7. No idea, but that actually sounds like a good idea. The fuller should disrupt the pattern enough, and grinding out smaller grooves. I think I may try that.
  8. Thanks very much for the advice, Steve. I really though I cut through the piece enough when I did the cutting, but it definitely ended up not being deep enough. I didn’t have great control over my angle grinder when I made the cuts, and was scared to death that I was going to cut the knife in half. The ladders showed up, but not like I wanted them to.
  9. So! I just sharpened this up, and it is finally complete. Started on it last week and over the days, finished it up (no power hammer or forge press).I started with 3 pieces of 15n20 and 3 pieces of 1084. The pieces were close to 1/8” thick, 1.5” wide, and 3” long. Hand forged and folded 5 times to achieve 192 layers. It is a ladder pattern. The handle is two pieces of through-tang cocobolo burl with a small piece of nickel silver sandwiched between them. I used white oak for the frame to create contrast and a loveless rivet for a good mechanical connection. Glued it all up with 24h g-flex, and finished with tung oil. My first chef’s knife, my first ladder pattern. It’s hair-poppin sharp and ready for use. Let me know what you think!
  10. Thanks very much everyone. I appreciate your feedback.
  11. Thanks very much. Thank you. Thanks very much for the encouragement. I will continue to make as much as I can. I’m going to post some more photos down in Frosty’s comment. Thanks very much, Frosty. Photos of my knives are something that I have always struggled with. I took a couple pictures in shade, but there is still some reflection on the steel.
  12. Final thickness was 3/16”. I was losing so much material after each weld that another one would have just reduced it too much. Thank you! I wish posts had a thumb’s up like option here! Thank you all for your kind words. I really appreciate the support.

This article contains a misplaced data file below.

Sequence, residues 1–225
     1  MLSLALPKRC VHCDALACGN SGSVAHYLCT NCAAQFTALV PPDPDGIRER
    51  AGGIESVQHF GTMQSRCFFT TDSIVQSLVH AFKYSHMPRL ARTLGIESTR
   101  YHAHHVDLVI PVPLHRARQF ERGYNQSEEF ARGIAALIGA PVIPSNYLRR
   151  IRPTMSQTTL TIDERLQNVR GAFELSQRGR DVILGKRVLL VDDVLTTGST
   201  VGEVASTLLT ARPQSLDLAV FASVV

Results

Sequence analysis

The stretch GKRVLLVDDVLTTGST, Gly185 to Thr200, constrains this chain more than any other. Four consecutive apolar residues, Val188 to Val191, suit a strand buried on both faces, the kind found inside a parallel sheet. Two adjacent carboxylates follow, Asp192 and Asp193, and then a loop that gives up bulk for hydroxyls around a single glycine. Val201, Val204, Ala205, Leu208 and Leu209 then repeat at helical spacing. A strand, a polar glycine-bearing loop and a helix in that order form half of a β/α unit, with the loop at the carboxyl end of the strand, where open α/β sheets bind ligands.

13. So here is my second go at pattern welding. As you can see here, I did another raindrop pattern, because with the tools I have, it is either raindrop or ladder. I think I’ll try a ladder pattern next, then a feather pattern. Anyway, it’s 128 layers of 15n20 and 1084. I did a kukri inspired profile on the knife with a convex edge. I also included my touchmark on this knife, which was a first. It is a full tang construction with cocboloc burl scales, loveless bolts, a nickel silver thong tube, all held together with 24 hour g-flex epoxy. I really love this knife. Let me know what you think.
  14. This is great information. Thanks very much for the response. Powder arrived today, so I will be mixing and etching. I’m going to use this formula. Thanks again.
  15. Thanks very much! As I would heat the steel to welding heat for each weld, I lost a lot of material to scale. It may have been my inexperience with doing multiple forge welds on the same piece of steel, but the volume of steel decreased as I went through the welds. I also did not start out with a huge billet. 6 bars of .120” thick 1084 and 15n20 that we’re only 3” long and 1.5” wide. I knew I would end up with a small piece, but I really thought I’d be able to get another fold in this billet. In the end I opted to just stop, and keep it at 48 layers. I found it. Thanks very much. Great info. I was just at a bladesmith meet where Matt was doing a demo of no-flux Damascus. He’s great. I should have asked him about the ferric chloride when I had the chance darn it. I just didn’t imagine I’d be attempting Damascus so soon. He was the one who Partially inspired me to do it.